Paul McCartney, the Life
By Phillip Norman
A review, part one
The author’s name should be familiar to hardcore Beatle fans or Beatle historians.
He is the author of Shout, still a definitive biography of the group. It went to press shortly before John Lennon’s murder in 1980 and was published soon thereafter. The book was a smash hit – it would have sold well despite the timing of its release; it was a good book – and was timely bolstered by the author’s seeming assertion that the group was John Lennon plus three session men. McCartney bristled.
The Lennon lovefest continued with the author’s John Lennon, the Life; again relegating McCartney to that of a lucky hanger-on.
When the author was hired to write Paul McCartney, the Life, the author expected no cooperation from the Macca machine. But to his surprise, he received, if not Paul’s blessing, at least an affirmative nod. The author was given permission to speak to family, current and former employees and fellow musicians.
(Note I left out the word “friends”. Although the author neither says not intimates the fact, after reading the book it seems Paul has no friends other than his very tight-knit family spanning four generations. There’s nothing wrong with keeping yourself to yourself, but it is telling to his personality that there is no Eric Clapton to his George Harrison or no Harry Nilsson to his John Lennon. He had Linda, his kids, his brother, and his dad, aunts, uncles and Ringo – who counts as a brother. That’s all he needs.)
Anyone who called Paul (or his office) to verify Norman’s claim was told, “It’s up to you, but Paul doesn’t mind if you speak to him.”
There are only archival (by that I mean previously published) interviews with Paul, his children, his wives and Ringo. Otherwise the author interviewed nearly everyone else!
Norman explains this in the long introduction; along with his first meeting with Paul when he (Norman) was a reporter in the 1960s. He got to hold Paul’s Hoffner violin bass (Paul tossed it to him – the author describes his mortal fear of dropping it). The author admitted his bias toward Lennon and promised to write a fair book on Paul.
Paul does not have many demons (unlike Lennon), but he does have his warts. These are shown in the book, but not in a tabloid way. They are explained and in the end the reader is left feeling sympathetic.
Paul comes off as a workaholic musician who autocratically keeps a tight rein on his music and image. The only other part of his life that matters is family – where he is a doting husband, father, grandfather, son, brother and nephew.
Paul McCartney the Life is as thick as a cinder block and could stop a bullet. Very little of Paul’s life is left out. Being able to surprise hard-core Beatles fans is a good trick in these later years – but you’ll find SOMETHING you did not know within its covers.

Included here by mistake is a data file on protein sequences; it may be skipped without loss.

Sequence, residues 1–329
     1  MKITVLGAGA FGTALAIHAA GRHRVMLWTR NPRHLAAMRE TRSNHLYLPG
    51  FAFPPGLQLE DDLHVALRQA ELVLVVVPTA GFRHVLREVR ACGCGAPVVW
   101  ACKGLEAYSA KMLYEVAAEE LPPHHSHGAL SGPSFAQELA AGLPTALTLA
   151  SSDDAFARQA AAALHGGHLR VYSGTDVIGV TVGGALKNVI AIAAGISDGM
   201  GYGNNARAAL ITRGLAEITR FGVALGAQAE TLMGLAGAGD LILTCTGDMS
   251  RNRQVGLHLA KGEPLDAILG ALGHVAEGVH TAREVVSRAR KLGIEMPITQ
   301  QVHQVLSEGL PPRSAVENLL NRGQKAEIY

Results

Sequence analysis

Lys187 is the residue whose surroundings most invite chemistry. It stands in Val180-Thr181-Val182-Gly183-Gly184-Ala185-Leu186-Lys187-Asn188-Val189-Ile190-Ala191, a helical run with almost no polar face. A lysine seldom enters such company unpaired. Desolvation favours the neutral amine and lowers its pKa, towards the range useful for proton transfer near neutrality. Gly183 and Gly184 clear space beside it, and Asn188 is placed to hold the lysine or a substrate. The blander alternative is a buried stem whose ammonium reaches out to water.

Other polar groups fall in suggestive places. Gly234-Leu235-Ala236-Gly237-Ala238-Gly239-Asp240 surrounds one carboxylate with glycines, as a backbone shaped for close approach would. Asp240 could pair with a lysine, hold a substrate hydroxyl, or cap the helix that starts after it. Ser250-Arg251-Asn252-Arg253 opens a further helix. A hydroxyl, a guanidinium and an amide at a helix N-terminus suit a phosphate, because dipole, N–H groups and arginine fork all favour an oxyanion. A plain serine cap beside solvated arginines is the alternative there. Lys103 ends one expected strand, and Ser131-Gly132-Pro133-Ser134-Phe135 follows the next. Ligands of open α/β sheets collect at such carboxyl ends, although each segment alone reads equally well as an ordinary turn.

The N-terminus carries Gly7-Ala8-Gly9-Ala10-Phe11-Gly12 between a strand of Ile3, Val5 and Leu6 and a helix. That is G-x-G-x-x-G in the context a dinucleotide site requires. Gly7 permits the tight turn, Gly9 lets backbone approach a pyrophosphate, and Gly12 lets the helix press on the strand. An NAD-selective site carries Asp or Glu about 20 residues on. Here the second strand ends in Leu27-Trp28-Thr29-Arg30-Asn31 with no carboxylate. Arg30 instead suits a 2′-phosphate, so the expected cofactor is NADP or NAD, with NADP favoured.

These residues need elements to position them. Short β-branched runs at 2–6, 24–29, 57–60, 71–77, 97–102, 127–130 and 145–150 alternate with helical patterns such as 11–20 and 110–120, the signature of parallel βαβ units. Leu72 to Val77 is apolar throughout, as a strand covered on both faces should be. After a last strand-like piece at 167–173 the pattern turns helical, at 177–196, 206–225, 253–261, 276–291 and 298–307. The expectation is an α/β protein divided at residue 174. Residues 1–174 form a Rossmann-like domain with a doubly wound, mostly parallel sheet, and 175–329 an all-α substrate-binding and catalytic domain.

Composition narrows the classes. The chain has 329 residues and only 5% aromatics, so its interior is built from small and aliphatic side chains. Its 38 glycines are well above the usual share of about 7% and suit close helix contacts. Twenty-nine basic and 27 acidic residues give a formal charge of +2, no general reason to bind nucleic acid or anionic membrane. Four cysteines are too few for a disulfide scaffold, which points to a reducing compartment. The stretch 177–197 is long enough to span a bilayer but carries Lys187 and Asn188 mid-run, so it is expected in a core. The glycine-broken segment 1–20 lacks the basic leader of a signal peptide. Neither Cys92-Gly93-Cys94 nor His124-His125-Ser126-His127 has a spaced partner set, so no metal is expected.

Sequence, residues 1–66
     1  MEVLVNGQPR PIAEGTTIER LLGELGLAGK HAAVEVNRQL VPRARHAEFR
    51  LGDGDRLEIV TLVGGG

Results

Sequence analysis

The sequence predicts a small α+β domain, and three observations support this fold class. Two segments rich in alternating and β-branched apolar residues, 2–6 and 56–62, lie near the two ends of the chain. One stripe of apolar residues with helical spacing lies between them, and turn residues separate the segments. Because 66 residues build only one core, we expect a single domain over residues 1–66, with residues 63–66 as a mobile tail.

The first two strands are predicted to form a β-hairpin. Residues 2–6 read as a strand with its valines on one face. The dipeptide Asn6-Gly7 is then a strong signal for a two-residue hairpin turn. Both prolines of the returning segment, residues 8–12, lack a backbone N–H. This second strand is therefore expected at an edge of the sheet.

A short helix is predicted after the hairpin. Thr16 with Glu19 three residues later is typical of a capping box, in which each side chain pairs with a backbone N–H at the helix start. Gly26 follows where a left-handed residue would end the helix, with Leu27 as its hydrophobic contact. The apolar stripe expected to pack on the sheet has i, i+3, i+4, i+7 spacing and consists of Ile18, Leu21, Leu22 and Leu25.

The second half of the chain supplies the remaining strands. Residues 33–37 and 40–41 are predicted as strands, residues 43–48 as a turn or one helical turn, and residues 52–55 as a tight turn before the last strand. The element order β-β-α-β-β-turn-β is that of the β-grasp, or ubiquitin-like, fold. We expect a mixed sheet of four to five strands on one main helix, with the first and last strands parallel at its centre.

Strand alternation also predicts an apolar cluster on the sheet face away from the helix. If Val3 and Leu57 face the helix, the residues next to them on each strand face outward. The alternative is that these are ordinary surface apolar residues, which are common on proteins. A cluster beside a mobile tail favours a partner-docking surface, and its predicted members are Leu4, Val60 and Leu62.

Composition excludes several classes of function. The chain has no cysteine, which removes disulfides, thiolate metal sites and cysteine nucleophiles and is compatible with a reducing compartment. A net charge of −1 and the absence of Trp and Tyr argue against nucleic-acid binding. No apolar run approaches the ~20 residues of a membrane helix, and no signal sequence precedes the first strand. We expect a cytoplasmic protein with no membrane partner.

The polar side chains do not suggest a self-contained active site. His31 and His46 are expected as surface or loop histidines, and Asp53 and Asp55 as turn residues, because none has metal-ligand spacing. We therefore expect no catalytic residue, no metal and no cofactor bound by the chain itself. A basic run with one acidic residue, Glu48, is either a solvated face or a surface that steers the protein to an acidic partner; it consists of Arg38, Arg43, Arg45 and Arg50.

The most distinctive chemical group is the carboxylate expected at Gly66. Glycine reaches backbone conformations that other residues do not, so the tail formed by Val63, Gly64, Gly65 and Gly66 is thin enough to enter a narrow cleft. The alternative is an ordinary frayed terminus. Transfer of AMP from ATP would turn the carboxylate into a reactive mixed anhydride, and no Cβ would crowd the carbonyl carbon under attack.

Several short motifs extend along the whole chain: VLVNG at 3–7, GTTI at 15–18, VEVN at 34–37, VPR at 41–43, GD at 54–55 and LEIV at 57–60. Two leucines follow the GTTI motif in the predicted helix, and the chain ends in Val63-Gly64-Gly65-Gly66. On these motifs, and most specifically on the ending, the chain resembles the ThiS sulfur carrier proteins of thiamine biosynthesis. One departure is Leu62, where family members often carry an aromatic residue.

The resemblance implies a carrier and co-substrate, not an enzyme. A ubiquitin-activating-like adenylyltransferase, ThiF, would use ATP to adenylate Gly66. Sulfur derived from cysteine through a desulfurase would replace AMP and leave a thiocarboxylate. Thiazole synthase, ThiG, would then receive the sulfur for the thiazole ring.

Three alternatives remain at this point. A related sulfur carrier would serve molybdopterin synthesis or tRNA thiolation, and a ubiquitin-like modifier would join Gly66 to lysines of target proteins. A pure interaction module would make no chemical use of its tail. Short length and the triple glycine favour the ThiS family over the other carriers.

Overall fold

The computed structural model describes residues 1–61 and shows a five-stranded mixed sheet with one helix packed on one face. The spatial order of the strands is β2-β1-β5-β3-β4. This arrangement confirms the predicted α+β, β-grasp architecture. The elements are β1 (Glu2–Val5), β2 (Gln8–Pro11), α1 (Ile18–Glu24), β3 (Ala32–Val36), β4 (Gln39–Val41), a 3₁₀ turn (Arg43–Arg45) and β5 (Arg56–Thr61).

Norman explains how Paul’s love of family was rooted from the beginning with his kind father and mother. His mother’s death was a touching early moment and referred to throughout the rest of the book/the rest of Paul’s life. It weighed on his soul as much as the death of Julia Lennon did to John’s, but not as publicly.
The author also details whence Paul’s love of music came. Not just rock and roll, but varying genres thanks to his father, Jim, who played in his own jazz band.
The Beatle years were given their respectful due and comprised the second quarter of the book. The only tabloid-y part of the book came from Paul’s love affairs during the years before Linda.
Much is made of Paul’s non-Beatle interests during the 1960s and emphasizes that he was the first to experiment with things usually attributed to John: Paul was the first to tinker with avant-garde music and film, collect art (he drew and painted, too). He was interested in the latest fashion trends and was the first of the Fabs to grow a moustache (but, always being image-conscious, until the Beatles were finished he NEVER had his hair in anything but variations of the Beatle-cut).
The author describes Paul’s lawsuit to break up the corporate stranglehold of the Business Beatles in grisly detail as well as his public feud with Lennon. The author postulates that if Paul’s kind song “Dear Friend” had appeared on the album “Ram” rather than “Wild Life” it would have saved both sides a lot of hard feelings. I agree.
He began the 1970s with songs and albums that gave the people what they wanted – Beatle-like pop. After a few mis-starts, he formed Wings, a group that were what he wanted the Beatles to become – a performing band.
Here the author begins going into material that most Beatle biographies only gloss over – the story of Wings. He details their gigs. Band members get brief biographies. The making and charting of albums and singles are detailed and reviewed.
He also details the rapprochement with his “estranged fiancé” John.
Paul’s time in a Japanese jail for possession of marijuana is detailed (Norman should be complimented for writing of Paul’s copious history with the weed. His – and Linda and other – drug use is detailed but told in complete neutrality and with no judgment).
The Japan arrest marked the end of Wings (the other band members were forced to leave the country and Paul, at the time, saw that as a betrayal), the end of touring for many years, the end of arena-rocker Paul of the 1970s. Later that year came another ending.
Paul McCartney the Life by Philip Norman, 978016327961, 818 pages by Little, Brown & Company, published May 3, 2016.
Original material copyright 2016 Michael Curry
Michael Curry is the author of the short story “The Day John F Kennedy Met the Beatles” available here on Amazon Kindle.